EFFICACY

2 PHASE 3 TRIALS

Class 1 efficacy at week 8, when applied once daily, with continued results 4 weeks post treatment1,2

Line chart comparing patients with treatment success between BRYHALI Lotion and vehicle between two clinical trials

Treatment success defined as at least a 2-grade improvement from baseline in Investigator's Global Assessment (IGA) score as well as a score of "clear" or "almost clear" at week 8 primary endpoint.2

The treatment difference at week 2 in trial 2 was not statistically significant.

SEE THE STUDY DESIGN
 

Study Design

The safety and efficacy of BRYHALI Lotion were assessed in 2 prospective, multicenter, randomized, double-blind, phase 3 clinical trials in 430 adult patients with moderate-to-severe plaque psoriasis. Patients were treated with BRYHALI Lotion or vehicle lotion, applied once daily. Primary efficacy endpoint was treatment success evaluated at week 8. Secondary efficacy endpoint was treatment success evaluated at weeks 2, 4, 6, and 12 (4 weeks post treatment). Tertiary efficacy endpoint was a 2-grade improvement from baseline at each time point for the individual signs of psoriasis (erythema, plaque elevation, and scaling).2

POOLED ANALYSIS

Significant clearance with less steroid exposure2

  • 37.5% of patients had treatment success at week 8 vs 10.0% for vehicle (P<0.001 from trials 1 and 2)
  • The only single-agent low-concentration halobetasol (0.01%) formulation

No increased epidermal atrophy observed through 8 weeks of once-daily treatment1,2

  • Pooled analysis of 2 phase 3 trials: In both the BRYHALI Lotion and vehicle groups, an average of 0.8% of patients had epidermal atrophy at week 8. All cases were already present at baseline.§
  • Local adverse reactions from topical corticosteroids may include atrophy, striae, telangiectasias, hypopigmentation and allergic contact dermatitis. Some local adverse reactions may be irreversible.

§In a phase 2 trial, there was 1 case of epidermal atrophy at week 6, which was not reported at weeks 8 and 12.3

POOLED ANALYSIS: 2 PHASE 3 TRIALS

Significant symptomatic relief as early as 2 weeks2

Bar chart comparing the percent of patients with 2-grade baseline improvement in inflammation, plaque elevation, and scaling between BRYHALI Lotion and Vehicle Lotion

Reported as "erythema" in both phase 3 clinical trials. **Statistical significance was seen for plaque elevation at week 4 (43.0% vs 18.5%). P<0.001 from trials 1 and 2.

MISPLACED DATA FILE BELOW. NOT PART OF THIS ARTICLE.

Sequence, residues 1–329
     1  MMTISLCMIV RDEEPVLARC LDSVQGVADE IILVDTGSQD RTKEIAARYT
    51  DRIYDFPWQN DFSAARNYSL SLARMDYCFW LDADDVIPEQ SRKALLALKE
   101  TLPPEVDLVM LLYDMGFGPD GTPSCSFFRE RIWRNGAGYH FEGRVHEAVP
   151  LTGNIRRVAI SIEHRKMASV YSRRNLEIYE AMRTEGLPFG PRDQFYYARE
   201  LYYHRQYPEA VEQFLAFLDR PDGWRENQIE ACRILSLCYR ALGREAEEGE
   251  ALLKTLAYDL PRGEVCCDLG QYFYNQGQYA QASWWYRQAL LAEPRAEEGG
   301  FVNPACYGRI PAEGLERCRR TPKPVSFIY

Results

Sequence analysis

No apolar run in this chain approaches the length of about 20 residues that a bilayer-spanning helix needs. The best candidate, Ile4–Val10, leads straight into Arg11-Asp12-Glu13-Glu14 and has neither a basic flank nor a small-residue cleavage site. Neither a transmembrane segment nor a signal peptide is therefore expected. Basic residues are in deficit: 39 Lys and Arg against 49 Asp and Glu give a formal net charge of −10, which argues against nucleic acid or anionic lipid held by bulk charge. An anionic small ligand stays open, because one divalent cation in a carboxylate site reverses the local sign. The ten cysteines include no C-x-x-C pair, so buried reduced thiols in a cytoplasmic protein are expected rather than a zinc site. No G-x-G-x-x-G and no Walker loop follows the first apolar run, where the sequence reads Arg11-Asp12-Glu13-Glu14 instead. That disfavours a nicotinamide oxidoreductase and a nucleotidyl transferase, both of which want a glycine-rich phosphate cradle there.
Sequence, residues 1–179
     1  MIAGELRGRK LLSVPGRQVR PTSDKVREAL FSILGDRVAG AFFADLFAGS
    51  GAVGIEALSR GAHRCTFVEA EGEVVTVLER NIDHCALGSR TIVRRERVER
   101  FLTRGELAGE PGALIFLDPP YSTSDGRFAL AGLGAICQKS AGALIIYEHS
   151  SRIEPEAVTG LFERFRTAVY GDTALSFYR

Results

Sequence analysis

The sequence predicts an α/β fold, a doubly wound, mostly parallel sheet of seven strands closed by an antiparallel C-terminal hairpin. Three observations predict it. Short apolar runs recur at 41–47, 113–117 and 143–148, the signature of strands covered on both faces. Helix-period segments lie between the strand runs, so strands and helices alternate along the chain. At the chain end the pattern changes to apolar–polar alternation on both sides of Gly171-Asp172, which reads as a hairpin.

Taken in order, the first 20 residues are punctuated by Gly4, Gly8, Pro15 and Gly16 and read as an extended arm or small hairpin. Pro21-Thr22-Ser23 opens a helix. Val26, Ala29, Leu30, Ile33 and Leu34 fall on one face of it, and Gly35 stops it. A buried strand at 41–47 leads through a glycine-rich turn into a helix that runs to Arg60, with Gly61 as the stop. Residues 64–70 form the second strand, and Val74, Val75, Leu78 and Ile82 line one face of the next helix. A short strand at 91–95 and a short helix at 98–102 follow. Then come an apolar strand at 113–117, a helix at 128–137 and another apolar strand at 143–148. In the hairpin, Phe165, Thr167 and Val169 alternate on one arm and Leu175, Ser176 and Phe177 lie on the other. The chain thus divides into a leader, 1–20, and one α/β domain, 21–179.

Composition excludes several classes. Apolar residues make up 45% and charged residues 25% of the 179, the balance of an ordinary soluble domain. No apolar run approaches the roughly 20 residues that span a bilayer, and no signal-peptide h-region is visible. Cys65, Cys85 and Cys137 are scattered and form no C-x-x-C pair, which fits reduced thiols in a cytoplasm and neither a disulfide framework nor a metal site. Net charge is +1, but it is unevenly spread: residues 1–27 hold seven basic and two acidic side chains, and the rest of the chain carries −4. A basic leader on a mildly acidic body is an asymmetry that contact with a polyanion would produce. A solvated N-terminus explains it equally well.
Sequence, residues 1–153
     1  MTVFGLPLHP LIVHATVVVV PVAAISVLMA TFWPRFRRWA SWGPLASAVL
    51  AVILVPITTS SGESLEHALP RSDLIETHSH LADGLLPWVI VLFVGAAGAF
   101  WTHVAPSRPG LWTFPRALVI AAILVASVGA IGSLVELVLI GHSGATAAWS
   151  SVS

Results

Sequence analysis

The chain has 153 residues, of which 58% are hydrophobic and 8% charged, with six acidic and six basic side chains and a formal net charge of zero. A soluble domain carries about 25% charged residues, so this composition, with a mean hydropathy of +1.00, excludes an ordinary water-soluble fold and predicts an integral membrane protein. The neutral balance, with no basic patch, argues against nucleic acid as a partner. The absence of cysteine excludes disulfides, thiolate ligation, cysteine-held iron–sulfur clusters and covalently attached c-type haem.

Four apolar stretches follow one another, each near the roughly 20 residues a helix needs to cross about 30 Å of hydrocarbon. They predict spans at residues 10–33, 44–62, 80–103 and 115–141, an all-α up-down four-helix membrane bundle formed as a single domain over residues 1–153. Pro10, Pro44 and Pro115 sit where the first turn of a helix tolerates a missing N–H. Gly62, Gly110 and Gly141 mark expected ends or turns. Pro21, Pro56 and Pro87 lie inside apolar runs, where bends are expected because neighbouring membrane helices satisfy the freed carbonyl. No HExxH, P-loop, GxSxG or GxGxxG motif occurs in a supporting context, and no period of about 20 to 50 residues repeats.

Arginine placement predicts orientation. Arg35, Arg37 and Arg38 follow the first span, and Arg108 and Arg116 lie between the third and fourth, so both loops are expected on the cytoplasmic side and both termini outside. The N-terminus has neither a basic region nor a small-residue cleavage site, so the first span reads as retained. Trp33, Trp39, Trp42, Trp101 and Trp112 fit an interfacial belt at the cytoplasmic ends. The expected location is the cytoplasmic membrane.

SEE THE STUDY DESIGN
 

Study Design

The safety and efficacy of BRYHALI Lotion were assessed in 2 prospective, multicenter, randomized, double-blind, phase 3 clinical trials in 430 adult patients with moderate-to-severe plaque psoriasis. Patients were treated with BRYHALI Lotion or vehicle lotion, applied once daily. Primary efficacy endpoint was treatment success evaluated at week 8. Secondary efficacy endpoint was treatment success evaluated at weeks 2, 4, 6, and 12 (4 weeks post treatment). Tertiary efficacy endpoint was a 2-grade improvement from baseline at each time point for the individual signs of psoriasis (erythema, plaque elevation, and scaling).2

Deliver the relief they need and the safety you want with the only single-agent, high-potency corticosteroid indicated for treatment up to 8 weeks1,2,4

Plus reductions in local skin reactions2

PHASE 2 TRIAL vs ULTRAVATE CREAM

At week 2, BRYHALI Lotion delivered similar clearance with 80% less halobetasol1,2,4

Chart comparing percentage of patients with treatment success between BRYHALI Lotion and Ultravate cream. 30% in a blue lifesaver pie chart over BRYHALI Lotion and 31.6% in a gray lifesaver pie chart over Ultravate cream.

††Treatment success defined as at least a 2-grade improvement from baseline in Investigator's Global Assessment (IGA) score as well as a score of "clear" or "almost clear" at week 2 primary endpoint.2QD = once daily

SEE THE STUDY DESIGN
 

Study Design

150 patients with moderate-to-severe plaque psoriasis were studied in a multicenter, double-blind, randomized, parallel-group phase 2 clinical trial to assess the safety, tolerability, and efficacy of BRYHALI Lotion vs Ultravate Cream. Subjects were over the age of 18 with moderate-to-severe cases, defined as an IGA score of 3 or 4 and covering at least 3% but no more than 12% of BSA, excluding the face, scalp, palms, soles, groin, axillae, and intertriginous areas. Subjects were randomized in a 4:4:1:1 ratio to be treated with 1 of 4 topical treatments: BRYHALI Lotion (60 subjects); Ultravate Cream (57 subjects); vehicle lotion (17 subjects); or vehicle cream (16 subjects). Subjects applied the study drug once daily for 2 weeks and returned to the clinic for post-baseline evaluations at week 2.2

Only once-daily BRYHALI Lotion provides Class 1 clearance approved for use for up to 8 weeks

Efficient penetration with advanced delivery technology

SAFETY & TOLERABILITY

2 PHASE 3 TRIALS

Chart a course to symptomatic relief with established safety1,2

Pooled analysis of patients using BRYHALI Lotion in 2 phase 3 trials revealed:1,2

  • No serious treatment-related adverse events
  • Only 1.8% of patients reported drug-related adverse events.
  • No increased epidermal atrophy observed through 8 weeks of treatment. In both the BRYHALI Lotion and vehicle groups, an average of 0.8% of patients had epidermal atrophy at week 8. All cases were already present at baseline.